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I think it is this ambiguity of tab that was the source of confusion. Certainly on DEC machines at the time, when you typed 'tab' in and editor that was inserting text it was because you wanted an ASCII TAB character in your text. What was more, the program could just echo the TAB character to the terminal you were using and the terminal would "do the correct thing" for displaying that tab. Back in the 90's when 'model/view' controllers were the rage it was couched as separating presentation from the semantics.

The challenge came when there were devices which operated incorrectly when presented with a TAB character or confused command data with actual data. That became the "killer" issue when computers started substituting for typewriters. Because a typist knows that if you hit the tab key the carriage would slide over to the next tab stop that was set on the platen bar, but the paper was "all spaces". When you try to emulate that behavior in a computer now the TAB becomes a semantic input into the editor "move to the next tab stop" rather than "stick a tab in" and "move to the next tab stop" could be implemented by inserting a variable number of spaces.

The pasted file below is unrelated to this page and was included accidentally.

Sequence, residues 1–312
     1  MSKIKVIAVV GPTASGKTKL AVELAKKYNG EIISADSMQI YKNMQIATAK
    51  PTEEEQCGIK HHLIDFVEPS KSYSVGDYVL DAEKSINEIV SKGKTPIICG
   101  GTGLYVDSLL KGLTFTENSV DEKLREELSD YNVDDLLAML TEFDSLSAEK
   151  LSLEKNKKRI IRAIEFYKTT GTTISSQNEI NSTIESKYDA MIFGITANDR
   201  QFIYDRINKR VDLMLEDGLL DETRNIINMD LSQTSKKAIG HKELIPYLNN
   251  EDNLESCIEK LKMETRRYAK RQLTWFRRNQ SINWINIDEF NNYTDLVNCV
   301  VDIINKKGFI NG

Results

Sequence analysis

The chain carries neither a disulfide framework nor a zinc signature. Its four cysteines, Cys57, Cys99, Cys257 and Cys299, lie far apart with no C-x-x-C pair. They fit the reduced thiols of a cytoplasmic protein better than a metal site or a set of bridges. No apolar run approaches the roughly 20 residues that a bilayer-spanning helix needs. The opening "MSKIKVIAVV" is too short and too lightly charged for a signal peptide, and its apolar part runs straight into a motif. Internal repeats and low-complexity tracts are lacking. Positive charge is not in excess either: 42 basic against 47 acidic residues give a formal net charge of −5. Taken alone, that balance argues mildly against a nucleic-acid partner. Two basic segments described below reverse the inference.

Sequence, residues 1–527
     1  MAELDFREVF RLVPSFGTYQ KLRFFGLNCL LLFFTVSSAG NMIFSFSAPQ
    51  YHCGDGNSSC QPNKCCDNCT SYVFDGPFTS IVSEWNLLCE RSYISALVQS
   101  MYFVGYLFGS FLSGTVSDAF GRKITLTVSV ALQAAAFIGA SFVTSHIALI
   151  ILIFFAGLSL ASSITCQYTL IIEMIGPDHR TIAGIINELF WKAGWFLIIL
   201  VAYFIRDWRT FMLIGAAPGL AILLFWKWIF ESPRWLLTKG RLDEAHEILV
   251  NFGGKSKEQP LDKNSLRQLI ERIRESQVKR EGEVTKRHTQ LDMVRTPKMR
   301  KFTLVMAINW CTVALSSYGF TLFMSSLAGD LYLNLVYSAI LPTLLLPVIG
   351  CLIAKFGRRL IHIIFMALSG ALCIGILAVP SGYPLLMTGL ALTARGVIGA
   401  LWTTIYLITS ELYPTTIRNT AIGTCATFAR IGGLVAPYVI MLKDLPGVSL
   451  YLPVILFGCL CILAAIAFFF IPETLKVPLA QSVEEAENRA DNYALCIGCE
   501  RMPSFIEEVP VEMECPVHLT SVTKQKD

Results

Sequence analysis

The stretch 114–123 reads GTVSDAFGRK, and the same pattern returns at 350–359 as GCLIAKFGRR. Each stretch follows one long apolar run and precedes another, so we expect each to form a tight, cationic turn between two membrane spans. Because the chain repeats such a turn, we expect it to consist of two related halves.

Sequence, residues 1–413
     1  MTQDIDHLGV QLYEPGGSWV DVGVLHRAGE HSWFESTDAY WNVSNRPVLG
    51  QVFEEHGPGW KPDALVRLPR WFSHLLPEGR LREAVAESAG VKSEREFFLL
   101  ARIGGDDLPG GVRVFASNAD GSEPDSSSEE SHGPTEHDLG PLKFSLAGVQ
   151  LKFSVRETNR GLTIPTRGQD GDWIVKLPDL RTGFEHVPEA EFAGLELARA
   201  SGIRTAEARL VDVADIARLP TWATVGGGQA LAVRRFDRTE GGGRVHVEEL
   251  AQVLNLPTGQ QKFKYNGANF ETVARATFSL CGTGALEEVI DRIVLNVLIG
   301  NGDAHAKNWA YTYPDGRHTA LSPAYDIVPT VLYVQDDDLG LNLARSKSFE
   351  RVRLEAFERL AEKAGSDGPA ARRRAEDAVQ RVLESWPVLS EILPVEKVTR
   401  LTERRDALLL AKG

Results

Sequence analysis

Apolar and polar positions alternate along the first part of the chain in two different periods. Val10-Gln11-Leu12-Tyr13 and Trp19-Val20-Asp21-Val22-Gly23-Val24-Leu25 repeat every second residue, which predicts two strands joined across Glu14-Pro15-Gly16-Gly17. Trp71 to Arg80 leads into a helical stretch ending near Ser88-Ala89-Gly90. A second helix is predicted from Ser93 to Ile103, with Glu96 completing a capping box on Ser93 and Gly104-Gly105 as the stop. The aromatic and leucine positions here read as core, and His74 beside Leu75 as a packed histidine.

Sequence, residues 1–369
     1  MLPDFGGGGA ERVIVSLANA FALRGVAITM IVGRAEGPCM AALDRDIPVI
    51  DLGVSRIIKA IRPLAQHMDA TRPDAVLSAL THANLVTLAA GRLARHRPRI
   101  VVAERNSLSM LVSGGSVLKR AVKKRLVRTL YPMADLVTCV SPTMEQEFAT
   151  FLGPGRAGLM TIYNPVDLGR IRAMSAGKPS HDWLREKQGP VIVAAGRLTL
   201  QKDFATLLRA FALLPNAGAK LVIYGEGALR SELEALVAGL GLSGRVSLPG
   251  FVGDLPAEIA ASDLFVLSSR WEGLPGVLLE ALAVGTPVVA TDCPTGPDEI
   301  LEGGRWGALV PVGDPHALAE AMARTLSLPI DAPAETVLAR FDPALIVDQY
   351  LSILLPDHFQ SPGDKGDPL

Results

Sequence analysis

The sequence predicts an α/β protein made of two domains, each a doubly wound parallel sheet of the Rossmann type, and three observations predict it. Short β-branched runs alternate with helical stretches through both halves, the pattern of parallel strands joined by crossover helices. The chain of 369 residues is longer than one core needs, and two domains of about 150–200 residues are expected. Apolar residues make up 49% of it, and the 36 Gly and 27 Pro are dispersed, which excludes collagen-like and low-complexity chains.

Computer engineers knew it was "stupid" to try an guess what you wanted with respect to tabs so they wrote a program for formatting text called 'troff' (which had similarities to the program on RSX11, TENEX, and TOPS called RUNOFF.

It is always interesting to look back though, if you had told a system designer in the 70's that they would have gigabytes of RAM and HD displays in their pocket when their grandchildren came to visit they would have told you that people always over estimate how fast change will happen.




I worked on a product at AT&T Bell Labs back in the 80's/90's that had a config file that had tabs and spaces mixed on the same line -- and it mattered.




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